The game was still far from secured and Pontypool continued to press for the try that would surely win the game. They worked their way into the home twenty two and were awarded a penalty in front of the posts when Davies offended at a ruck and got shown a yellow card for his trouble. Matthew Jones kicked the goal and Pooler were now 20-27 ahead as the game entered its final stages.
Despite a few nervous moments, Pontypool managed to close the game out at 20-27 and maintain their winning record. Cue massive celebration!

What a tremendous season Pontypool have had. To go through a league season unbeaten is a tremendous feat. It certainly has not been easy and they have been sorely tested on a number of occasions but still managed to find a way to win. There is a tremendous spirit and belief and no little talent in the squad that has carried all before them. I heartily congratulate all involved on a fantastic season – you have made an old man very happy! I am delighted to see the young talent that has blossomed as the season has progressed – the future is bright.

It is a real shame that there is no promotion as the squad looks capable of challenging the teams in the Premiership. Still we will just have to do it all again next season and see what the future holds.

Driving back in the car I listened on the radio as the Scarlets were dismantled by Leinster. Leinster must surely be favourites to win the European Champions Cup now. Congratulations must go to the Cardiff Blues on reaching the final of the Challenge Cup – it is great to see them turning things around so spectacularly.

When we got back to the local we had the opportunity to hold the Championship Cup which sadly had not made the trip to Narberth. Happy days!

Well done Pooler you were magnificent! 

Sunday, 15 April 2018

Hard Going for Pooler

Pontypool’s penultimate match of the season was a visit to Rhydyfelin and at last the sun shone. Rhydyfelin are involved in a scrap at the bottom of the Championship to avoid relegation so Pooler were sure to be given another stern examination to pass if they were to preserve that unbeaten record.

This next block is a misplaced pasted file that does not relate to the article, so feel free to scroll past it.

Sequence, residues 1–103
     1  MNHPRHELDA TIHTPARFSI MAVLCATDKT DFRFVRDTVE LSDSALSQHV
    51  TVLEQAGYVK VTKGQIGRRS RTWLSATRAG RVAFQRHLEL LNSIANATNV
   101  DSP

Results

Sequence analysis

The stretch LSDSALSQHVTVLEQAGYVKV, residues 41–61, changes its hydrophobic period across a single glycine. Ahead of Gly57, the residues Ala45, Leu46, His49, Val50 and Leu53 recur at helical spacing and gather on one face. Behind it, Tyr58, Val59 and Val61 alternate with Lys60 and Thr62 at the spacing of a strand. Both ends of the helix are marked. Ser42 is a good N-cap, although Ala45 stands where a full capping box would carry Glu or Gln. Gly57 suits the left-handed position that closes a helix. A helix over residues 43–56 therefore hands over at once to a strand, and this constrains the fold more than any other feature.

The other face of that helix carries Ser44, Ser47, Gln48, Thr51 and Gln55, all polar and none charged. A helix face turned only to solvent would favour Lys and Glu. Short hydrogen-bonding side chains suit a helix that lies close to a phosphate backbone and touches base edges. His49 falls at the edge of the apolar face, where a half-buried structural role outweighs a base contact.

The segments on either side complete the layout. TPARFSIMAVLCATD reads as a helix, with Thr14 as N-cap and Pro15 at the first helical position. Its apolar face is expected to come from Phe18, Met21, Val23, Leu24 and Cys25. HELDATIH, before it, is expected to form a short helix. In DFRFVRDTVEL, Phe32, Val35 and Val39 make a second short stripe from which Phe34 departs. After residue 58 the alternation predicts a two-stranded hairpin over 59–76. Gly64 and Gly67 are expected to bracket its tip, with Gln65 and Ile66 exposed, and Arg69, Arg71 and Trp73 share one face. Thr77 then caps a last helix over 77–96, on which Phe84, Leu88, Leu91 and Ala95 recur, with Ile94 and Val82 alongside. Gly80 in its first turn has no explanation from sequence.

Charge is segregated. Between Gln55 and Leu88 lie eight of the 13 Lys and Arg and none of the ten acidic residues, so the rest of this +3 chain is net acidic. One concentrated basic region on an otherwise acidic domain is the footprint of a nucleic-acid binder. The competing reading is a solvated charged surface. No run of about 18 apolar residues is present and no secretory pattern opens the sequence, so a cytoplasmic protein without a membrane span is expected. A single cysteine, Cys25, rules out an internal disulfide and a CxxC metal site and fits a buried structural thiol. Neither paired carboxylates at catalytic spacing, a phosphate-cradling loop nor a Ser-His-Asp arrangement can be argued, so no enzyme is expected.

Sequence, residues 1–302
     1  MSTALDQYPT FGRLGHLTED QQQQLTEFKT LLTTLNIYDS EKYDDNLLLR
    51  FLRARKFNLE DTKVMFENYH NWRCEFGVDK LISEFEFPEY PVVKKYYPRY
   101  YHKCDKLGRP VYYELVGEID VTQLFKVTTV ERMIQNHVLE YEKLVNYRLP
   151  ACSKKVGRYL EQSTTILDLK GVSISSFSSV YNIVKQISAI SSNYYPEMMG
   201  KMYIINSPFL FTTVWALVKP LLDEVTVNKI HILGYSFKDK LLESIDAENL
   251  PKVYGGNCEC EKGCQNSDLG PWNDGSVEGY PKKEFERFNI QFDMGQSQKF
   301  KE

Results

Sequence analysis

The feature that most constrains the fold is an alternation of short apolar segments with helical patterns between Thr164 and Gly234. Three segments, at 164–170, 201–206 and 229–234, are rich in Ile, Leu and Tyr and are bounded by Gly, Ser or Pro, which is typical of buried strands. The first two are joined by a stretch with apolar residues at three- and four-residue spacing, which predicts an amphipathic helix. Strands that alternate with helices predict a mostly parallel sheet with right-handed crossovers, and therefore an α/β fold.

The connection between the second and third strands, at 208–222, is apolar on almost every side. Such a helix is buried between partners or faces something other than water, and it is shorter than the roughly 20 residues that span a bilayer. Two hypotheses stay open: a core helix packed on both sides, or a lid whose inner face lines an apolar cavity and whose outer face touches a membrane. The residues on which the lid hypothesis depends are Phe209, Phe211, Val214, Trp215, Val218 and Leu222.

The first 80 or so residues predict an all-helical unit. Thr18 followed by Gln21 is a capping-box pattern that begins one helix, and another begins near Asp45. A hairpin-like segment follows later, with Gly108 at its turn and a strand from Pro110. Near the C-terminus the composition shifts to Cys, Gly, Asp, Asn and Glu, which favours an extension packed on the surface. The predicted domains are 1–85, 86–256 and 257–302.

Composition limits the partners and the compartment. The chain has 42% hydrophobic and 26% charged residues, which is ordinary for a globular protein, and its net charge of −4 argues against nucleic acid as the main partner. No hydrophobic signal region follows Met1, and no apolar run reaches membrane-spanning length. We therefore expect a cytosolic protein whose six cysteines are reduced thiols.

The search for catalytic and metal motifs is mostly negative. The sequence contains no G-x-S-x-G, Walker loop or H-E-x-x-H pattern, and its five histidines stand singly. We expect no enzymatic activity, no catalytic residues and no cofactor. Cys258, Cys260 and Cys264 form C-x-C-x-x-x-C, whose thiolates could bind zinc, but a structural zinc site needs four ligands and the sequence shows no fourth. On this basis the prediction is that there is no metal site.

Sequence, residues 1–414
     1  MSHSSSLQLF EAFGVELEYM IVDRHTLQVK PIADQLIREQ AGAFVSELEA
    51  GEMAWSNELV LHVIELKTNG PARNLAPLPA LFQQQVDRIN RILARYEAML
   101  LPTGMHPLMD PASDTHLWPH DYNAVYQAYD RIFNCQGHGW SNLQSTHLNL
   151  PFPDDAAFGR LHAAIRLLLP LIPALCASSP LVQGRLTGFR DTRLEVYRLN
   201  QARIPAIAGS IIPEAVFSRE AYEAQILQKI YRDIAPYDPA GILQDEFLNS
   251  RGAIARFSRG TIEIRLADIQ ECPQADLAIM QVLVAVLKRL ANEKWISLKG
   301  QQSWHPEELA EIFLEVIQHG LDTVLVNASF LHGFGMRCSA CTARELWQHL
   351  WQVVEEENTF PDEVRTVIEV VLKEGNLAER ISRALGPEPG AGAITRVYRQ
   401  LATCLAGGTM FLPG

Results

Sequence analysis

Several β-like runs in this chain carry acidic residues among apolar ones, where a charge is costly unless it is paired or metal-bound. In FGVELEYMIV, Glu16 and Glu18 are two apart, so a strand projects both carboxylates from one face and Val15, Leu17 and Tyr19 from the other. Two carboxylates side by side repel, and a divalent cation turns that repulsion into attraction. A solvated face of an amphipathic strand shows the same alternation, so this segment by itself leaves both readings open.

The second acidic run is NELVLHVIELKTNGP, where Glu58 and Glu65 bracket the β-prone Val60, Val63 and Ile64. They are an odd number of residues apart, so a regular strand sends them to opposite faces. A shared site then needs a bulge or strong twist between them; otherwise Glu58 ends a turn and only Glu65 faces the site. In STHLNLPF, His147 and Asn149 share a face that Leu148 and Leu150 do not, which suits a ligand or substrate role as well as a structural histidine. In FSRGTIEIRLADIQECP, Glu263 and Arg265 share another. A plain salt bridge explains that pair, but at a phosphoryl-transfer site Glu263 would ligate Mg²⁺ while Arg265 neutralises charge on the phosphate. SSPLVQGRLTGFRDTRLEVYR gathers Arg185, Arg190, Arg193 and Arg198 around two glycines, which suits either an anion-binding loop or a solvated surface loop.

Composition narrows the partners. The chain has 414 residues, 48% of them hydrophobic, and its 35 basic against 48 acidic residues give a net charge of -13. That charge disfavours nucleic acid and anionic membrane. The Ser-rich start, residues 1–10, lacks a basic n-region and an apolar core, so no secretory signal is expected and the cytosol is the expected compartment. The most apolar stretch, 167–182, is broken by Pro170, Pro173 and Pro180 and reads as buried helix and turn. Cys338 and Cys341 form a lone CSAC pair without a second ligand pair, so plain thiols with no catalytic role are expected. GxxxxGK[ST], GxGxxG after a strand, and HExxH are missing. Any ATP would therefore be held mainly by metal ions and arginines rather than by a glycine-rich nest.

Pontypool started brilliantly and before the home side had time to settle had scored two converted tries. The first came from a driving lineout with Watkins getting the touchdown and for the second Gullis latched on to a delightful chip kick by Meek to score near the posts. Meek landed both the conversions and Pooler had raced into a 0-14 lead.
Pontypool failed to claim the home side’s kick-off following their second try and were soon under pressure. This brought the boisterous and vociferous home supporters to life and it was game on. Lucas, the Rhydyfelin scrum half, spotted a gap and scored a try in the corner and, as the conversion sailed over, the momentum had shifted with the score at 7-14 with only ten minutes played.
This was a really tough battle and there were lots of injuries. Pooler lost Ollie Drake and Jordan Williams to leg injuries and had it all to do to keep the lively home side at bay. As a section of the home fans stocks of beer dwindled, so did the quality of their language and sadly it made for an unpleasant atmosphere at times but Pooler managed to keep their cool. The immense pressure being applied by Rhydyfelin was resulting in too many turnovers and Pooler could not get a grip of the game. After an attritional twenty minute period, Pooler struck on the half hour mark. They were awarded a penalty and Matthew Jones’ pinpoint kick gave them a lineout near the home try-line. The initial forward drive was stopped but Herbert broke free to score in the corner. The try was unconverted but Pooler had breathing space at 7-19. There were no further scores in the first half with defences on top and neither side really able to put a set of phases together. H.T. 7-19.
As you would expect, Rhydyfelin came out for the second half breathing fire and were soon hammering away at the Pooler line. As at Skewen earlier in the week, the defence was magnificent and managed to keep the home side at bay. Pontypool lost young loosehead prop Rosser to another leg injury and as a result the scrums were uncontested from then on.